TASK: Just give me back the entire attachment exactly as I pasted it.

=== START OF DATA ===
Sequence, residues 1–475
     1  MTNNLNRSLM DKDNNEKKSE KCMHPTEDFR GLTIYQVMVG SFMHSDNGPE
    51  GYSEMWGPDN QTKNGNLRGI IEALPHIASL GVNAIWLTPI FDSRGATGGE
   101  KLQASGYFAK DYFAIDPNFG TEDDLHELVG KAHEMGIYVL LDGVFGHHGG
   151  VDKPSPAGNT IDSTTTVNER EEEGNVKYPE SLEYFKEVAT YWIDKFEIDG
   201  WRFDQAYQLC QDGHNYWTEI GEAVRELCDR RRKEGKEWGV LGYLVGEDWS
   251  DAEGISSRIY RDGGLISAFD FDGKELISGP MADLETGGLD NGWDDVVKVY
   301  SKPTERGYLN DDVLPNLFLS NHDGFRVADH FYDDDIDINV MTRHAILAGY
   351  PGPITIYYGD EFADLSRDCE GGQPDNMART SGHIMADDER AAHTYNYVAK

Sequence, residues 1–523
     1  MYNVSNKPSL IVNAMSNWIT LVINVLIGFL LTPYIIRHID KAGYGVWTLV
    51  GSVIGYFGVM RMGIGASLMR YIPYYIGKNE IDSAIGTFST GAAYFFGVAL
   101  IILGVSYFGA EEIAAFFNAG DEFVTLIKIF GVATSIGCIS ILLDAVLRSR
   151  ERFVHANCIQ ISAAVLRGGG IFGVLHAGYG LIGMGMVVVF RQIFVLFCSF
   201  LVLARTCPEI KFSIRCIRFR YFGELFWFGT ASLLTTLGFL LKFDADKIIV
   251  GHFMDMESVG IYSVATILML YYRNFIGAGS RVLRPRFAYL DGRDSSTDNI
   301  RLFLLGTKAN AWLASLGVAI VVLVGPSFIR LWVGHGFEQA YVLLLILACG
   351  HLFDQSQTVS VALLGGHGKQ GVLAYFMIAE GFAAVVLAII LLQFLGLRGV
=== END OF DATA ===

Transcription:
Sequence, residues 1–475
     1  MTNNLNRSLM DKDNNEKKSE KCMHPTEDFR GLTIYQVMVG SFMHSDNGPE
    51  GYSEMWGPDN QTKNGNLRGI IEALPHIASL GVNAIWLTPI FDSRGATGGE
   101  KLQASGYFAK DYFAIDPNFG TEDDLHELVG KAHEMGIYVL LDGVFGHHGG
   151  VDKPSPAGNT IDSTTTVNER EEEGNVKYPE SLEYFKEVAT YWIDKFEIDG
   201  WRFDQAYQLC QDGHNYWTEI GEAVRELCDR RRKEGKEWGV LGYLVGEDWS
   251  DAEGISSRIY RDGGLISAFD FDGKELISGP MADLETGGLD NGWDDVVKVY
   301  SKPTERGYLN DDVLPNLFLS NHDGFRVADH FYDDDIDINV MTRHAILAGY
   351  PGPITIYYGD EFADLSRDCE GGQPDNMART SGHIMADDER AAHTYNYVAK

Sequence, residues 1–523
     1  MYNVSNKPSL IVNAMSNWIT LVINVLIGFL LTPYIIRHID KAGYGVWTLV
    51  GSVIGYFGVM RMGIGASLMR YIPYYIGKNE IDSAIGTFST GAAYFFGVAL
   101  IILGVSYFGA EEIAAFFNAG DEFVTLIKIF GVATSIGCIS ILLDAVLRSR
   151  ERFVHANCIQ ISAAVLRGGG IFGVLHAGYG LIGMGMVVVF RQIFVLFCSF
   201  LVLARTCPEI KFSIRCIRFR YFGELFWFGT ASLLTTLGFL LKFDADKIIV
   251  GHFMDMESVG IYSVATILML YYRNFIGAGS RVLRPRFAYL DGRDSSTDNI
   301  RLFLLGTKAN AWLASLGVAI VVLVGPSFIR LWVGHGFEQA YVLLLILACG
   351  HLFDQSQTVS VALLGGHGKQ GVLAYFMIAE GFAAVVLAII LLQFLGLRGV